Professional BMX Simulator (Codemasters Plus) Review | Amstrad Action - Everygamegoing

Amstrad Action

Professional BMX Simulator
By Codemasters
Amstrad CPC464

Published in Amstrad Action #36


The latest Oliver twins project is an update of Richard Darling's BMX Simulator, reviewed in AA21. The scenario is almost identical, with the major difference the number of players. The original had up to two players, but now you can have three on keyboard and one on joystick - it could get crowded! (If there are fewer than four players the others are computer controlled.)

Across the bottom of the screen are the names of, and times for, the four bikers, while the rest of the screen gives a bird's eye view of the course. Each biker is a different colour and, not surprisingly, they are also viewed from above.

Your objective is to complete each track within a predetermined time limit. The first track must be completed within 100 seconds, a limit which decreases considerably on subsequent courses. The first track is no problem to complete, but life soon becomes more difficult.

Each track has of mounds of earth, hay bales, metal barriers and a variety of other hazardous objects. Earth piles disrupt the bike's trajectory and the other objects send you flying over the handle bars. When you're knocked off, you lose valuable time and remount facing in a random direction. On the first course you can afford to crash many times, but by the time you reach the third track, one crash can end your game. If a human player fails to qualify, he's replaced by a computer biker, until all the humans are out.

As with the previous Codemasters Plus, The Race Against Time, you get two cassettes for your fiver. The first contains the standard version on one side, and the expert version on the other. (The latter is tougher, but offers a choice of tyre widths and chainwheel sizes. Narrow tyres allow you to move faster, but they're not as good for turning corners. Small chainwheel sizes give you better acceleration, but a lower top speed. Riders can bump into each other in the expert version too.)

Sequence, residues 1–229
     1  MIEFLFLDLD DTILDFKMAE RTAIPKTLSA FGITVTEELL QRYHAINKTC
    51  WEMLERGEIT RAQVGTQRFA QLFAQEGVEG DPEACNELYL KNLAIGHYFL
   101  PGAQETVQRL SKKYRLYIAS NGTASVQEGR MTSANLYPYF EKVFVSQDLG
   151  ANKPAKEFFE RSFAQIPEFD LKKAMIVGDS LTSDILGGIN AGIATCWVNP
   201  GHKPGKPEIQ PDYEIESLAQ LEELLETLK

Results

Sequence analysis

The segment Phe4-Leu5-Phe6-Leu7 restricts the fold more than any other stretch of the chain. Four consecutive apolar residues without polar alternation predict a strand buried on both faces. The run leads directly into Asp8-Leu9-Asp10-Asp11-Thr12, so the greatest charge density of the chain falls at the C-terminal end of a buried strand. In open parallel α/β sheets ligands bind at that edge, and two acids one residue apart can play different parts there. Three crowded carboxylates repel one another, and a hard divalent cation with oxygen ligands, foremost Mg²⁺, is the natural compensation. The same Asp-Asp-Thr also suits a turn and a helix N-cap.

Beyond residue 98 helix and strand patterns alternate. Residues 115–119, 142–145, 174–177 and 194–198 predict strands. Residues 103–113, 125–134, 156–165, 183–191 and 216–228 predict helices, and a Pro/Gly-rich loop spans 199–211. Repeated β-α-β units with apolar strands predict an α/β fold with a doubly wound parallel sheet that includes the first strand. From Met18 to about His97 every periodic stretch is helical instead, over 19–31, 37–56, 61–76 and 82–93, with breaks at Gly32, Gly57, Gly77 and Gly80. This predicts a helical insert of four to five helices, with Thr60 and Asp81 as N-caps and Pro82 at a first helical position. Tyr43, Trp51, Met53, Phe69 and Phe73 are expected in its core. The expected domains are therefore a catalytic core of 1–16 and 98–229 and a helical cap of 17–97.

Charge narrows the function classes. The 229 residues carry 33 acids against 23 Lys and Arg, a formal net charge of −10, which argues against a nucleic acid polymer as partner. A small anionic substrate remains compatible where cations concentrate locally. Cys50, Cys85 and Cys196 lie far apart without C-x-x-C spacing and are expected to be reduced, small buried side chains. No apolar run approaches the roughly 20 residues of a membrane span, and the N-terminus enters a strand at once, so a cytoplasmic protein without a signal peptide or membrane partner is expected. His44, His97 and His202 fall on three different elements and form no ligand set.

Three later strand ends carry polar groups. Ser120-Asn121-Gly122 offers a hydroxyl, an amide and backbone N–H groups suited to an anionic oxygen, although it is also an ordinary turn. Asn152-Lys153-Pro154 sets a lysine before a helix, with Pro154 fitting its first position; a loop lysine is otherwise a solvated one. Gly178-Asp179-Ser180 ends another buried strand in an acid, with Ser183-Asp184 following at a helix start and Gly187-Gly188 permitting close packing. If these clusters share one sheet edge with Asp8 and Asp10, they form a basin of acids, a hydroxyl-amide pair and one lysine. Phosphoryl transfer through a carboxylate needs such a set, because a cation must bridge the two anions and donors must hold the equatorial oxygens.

The second tape has two sets of extra courses - quarry and desert - that can be loaded into either standard or expert game. The final track in each set can't be raced unless you're playing the expert version of the game.

The background graphics that represent each course are detailed and colourful, but it has to be said that the bikes are small and sometimes it's difficult working out which way you're facing.

Green screen owners are going to have difficulty working out which bike is which. And don't expect digitised speech in this one - apparently there wasn't enough memory left. Sound effects are crude, but an excellent tune plays on the title screen.

The first few games are miserable, because of the tricky control of the bikes, but practice does make perfect. It looks and plays very much like Jet Bike Simulator - another in the Codemasters stable - and possesses the same frustrating and addictive qualities. The extra courses extend the game's life. Altogether Pro BMX is nothing new, the four player option makes it immensely enjoyable. Once you've completed it you're unlikely to play again, unless it's against other human players.

Second Opinion

Definitely good enough to stand on its own. It appears the graphics haven't been touched up for the CPC - this is particularly noticeable on the large player views.

Griping apart, the bikes can turn on a sixpence, which makes the game quite fun. I've seen less enjoyable full price games. Oh yeah, one final thing: why can't you change the names of the players?

First Day Target Score

Complete four tracks.

Green Screen View

Identifying bikes is tricky.


Graphics 67%
P. Bright and colourful backgrounds.
N. Bikes are a little small.

Sonics 38%
P. Excellent title tune.
N. Feeble in-game effects.

Grab Factor 53%
P. The option of up to four players adds to the fun.
N. Very difficult to control initially.

Staying Power 74%
P. Two versions of the game, standard and expert.
P. Three different sets of courses extend the game's life.

Overall 74%
P. Well worth a fiver - more than can be said of many full price titles!